Category Archives: Session
Anthony Barrow first illustrated how to sketch the shape of a head using an oval, a centre line down the face and eye spacing. He used heavy lining wallpaper prepared with gesso.
The paper was prepared with willow charcoal rubbed in to make a grey basecoat. The basic head shape and position of key features were drawn with a charcoal stick.
Anthony worked on the features in charcoal and darker areas with compressed black charcoal. Highlights were created by wiping charcoal areas.
Anthony applied some hairspray and a wet acrylic wash (mix of burnt sienna, red and blue) over the face to fix the image so far.
The face was refined with more charcoal drawing and white chalk pastel.
The final result was impressive and inspired members to try charcoal portraits.
Rob Wareing made a return visit to Farsley Art Club to run a demonstration and workshop.
Sue reported: “A successful day painting. Rob as always a brilliant artist passed on his skills to members of Farsley Art Club. He makes it look so easy. The models were excellent. Everyone had a great day and learned lots of techniques to get the likeness and tones. I am sure we will get better with practice.”
It is 4 years since Joanne Boon Thomas demonstrated Brusho painting at Farsley Art Club just as Brusho was gaining acceptance.
See > Brusho 2013
Members hard at work
Ann and others shared their photographs from the annual Farsley Art Club trip to Cober Hill, Cloughton, near Scarborough. They roamed the coast and countryside looking for painting subjects.
North Yorkshire countryside
Painters enjoying good weather and company at Thornwick Bay
A bit of relaxed painting at North Landing, Flamborough
North Landing from a higher viewpoint
Interesting Subject at North Landing
Classical view of Robin Hoods Bay
Thornwick Bay waiting to be painted
Incomparable Staithes scene
Where is this?
Back to Thornwick Bay
One last view of Thornwick Bay
Back to secret garden at Cober Hill
Phil Biggs came from Spalding to demonstrate a watercolour painting around Cummock Water in the lakes.
Phil’s colour pallet
Cadmium yellow, raw sienna, burnt sienna, burnt umber, light red, cadmium red, indian red, cobalt blue, ultramarine blue, winsor blue and paynes grey.
He used various sizes of squirrel mop brushes and Arches cold pressed (“not”) paper.
For the sky, he used two greys: burnt umber/ultramarine blue and paynes grey.
For the mountains, he mixed various colours coming forward from light hills to dark hills: light red/cobalt blue, ultramarine blue/indian red, raw sienna/cadmium yellow and raw sienna/ultramarine blue.
Phil had already sketched the outline of lakeland mountains, trees and a farm. He added some grey and a little blue into the sky and a couple of distant hills in .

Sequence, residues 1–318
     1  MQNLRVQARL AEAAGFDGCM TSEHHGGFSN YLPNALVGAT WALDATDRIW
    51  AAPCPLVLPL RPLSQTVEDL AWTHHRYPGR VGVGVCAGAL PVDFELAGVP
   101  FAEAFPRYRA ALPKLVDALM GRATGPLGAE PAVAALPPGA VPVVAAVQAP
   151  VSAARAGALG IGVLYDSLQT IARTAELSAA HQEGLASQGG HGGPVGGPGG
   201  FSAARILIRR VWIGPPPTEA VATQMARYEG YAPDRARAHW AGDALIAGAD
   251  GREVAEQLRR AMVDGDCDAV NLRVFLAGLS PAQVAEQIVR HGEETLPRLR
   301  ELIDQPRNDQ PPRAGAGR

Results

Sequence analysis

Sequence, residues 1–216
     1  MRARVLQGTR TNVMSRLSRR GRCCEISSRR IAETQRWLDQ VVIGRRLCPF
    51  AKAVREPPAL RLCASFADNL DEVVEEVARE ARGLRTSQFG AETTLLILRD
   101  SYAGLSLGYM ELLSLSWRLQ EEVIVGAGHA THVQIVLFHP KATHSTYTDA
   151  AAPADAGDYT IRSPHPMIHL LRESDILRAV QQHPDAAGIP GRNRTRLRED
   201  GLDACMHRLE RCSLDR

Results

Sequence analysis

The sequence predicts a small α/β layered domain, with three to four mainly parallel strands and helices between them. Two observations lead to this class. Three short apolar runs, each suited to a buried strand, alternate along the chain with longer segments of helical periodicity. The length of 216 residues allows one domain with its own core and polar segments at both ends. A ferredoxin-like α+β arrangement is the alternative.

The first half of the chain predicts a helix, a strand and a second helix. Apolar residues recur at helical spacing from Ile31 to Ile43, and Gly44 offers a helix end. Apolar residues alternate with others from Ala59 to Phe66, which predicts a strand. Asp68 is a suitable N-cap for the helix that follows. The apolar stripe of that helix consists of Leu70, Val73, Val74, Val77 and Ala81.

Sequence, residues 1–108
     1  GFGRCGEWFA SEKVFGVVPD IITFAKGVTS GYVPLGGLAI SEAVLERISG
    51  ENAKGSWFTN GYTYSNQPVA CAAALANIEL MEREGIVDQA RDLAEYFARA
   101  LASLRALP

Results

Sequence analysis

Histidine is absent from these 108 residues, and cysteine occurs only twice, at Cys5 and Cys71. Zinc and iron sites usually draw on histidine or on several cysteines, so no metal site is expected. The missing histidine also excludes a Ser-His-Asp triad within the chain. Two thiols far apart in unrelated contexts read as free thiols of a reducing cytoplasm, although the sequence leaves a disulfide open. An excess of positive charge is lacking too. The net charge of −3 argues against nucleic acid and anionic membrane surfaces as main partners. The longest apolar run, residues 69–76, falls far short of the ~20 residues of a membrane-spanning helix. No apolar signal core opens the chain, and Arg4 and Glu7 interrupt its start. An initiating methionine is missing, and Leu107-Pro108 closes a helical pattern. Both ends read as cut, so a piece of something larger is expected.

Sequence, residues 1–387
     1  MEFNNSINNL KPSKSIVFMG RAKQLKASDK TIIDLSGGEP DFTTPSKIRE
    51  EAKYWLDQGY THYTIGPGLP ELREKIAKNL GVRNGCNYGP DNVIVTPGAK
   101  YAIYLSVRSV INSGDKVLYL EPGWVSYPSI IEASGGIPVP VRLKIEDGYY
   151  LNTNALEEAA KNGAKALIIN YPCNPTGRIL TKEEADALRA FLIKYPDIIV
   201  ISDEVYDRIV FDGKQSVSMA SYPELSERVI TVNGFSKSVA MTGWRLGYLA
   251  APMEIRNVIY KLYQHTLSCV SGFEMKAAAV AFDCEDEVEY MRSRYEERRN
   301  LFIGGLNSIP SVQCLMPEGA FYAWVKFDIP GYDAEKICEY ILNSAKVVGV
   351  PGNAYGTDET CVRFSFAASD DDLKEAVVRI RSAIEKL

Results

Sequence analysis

Phil mixed a darker grey for the next layer of mountains, leaving a misty layer.
The nearest two mountains with more mixed greys tending to green and brown.
Phil added tree lines along the lake, trees behind the house. He then washed light colour into the fields and added a hedging across.
Darker greens completed the foreground.
Phil then worked at a conventional slope to complete the sky.
The painting at the end of the demonstration shows a dramatic sky and hills.
The following paintings, and more, can be viewed on Phil Bigg’s web page > artprofile.co.uk
Images copyright of Phil Biggs, artist from Spalding, Lincolnshire UK.
Farsley Art Club welcomed visitors from Horsforth Art Society for a joint meeting to look at members’ paintings, both finished and in progress. There were plenty of appreciative comments and also helpful suggestions on possible improvements where painters were unsure of how to progress or finish paintings and drawings.
There was a wide variety of subjects, styles and colour schemes. The most colourful was an almost completed watercolour by Diane, as illustrated. Graham brought an exquisitely detailed miniature painting of an eastern figure in oils. Maureen revealed an experiment in colourful reflections in water.
Horsforth members brought many works, including: a study of a unicorn, an accomplished pastel portrait of Chief Dan George, pencil and crayon drawings, Chevin woodland and other traditional landscape and flower paintings.
Heidi Farrar gave a presentation of her paintings of furry animals.
Mother bear painted in acrylic and reproduced onto canvas print.
Based on an photograph of a Canadian grizzly bear.
Heidi demonstrated her method of painting hairs in detail using different tones.
Painting in this detail can take over 50 hours.
Wolf painted in acrylic
Panda painted in acrylic
Red Panda painted in acrylic
Heidi brought a peacock painting in a colourful style.
More details of Heidi Farrar’s art > http://www.heidifarrarfineart.co.uk/